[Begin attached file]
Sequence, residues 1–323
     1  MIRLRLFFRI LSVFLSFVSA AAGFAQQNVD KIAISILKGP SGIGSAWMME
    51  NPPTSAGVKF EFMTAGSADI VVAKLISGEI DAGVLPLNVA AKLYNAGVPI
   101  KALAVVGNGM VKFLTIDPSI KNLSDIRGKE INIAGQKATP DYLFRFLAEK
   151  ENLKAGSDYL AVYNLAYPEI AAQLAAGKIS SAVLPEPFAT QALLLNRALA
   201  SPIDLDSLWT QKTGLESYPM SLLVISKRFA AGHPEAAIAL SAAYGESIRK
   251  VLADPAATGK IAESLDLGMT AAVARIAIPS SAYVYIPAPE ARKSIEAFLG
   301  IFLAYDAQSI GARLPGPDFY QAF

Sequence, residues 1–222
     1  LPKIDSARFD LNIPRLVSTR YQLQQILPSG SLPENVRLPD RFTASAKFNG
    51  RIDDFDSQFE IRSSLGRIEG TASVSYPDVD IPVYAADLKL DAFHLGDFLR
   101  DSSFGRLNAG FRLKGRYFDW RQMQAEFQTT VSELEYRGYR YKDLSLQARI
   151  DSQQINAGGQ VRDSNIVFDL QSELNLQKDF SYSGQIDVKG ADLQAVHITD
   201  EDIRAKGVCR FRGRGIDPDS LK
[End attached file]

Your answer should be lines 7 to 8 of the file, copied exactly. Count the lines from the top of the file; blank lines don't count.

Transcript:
   251  VLADPAATGK IAESLDLGMT AAVARIAIPS SAYVYIPAPE ARKSIEAFLG
   301  IFLAYDAQSI GARLPGPDFY QAF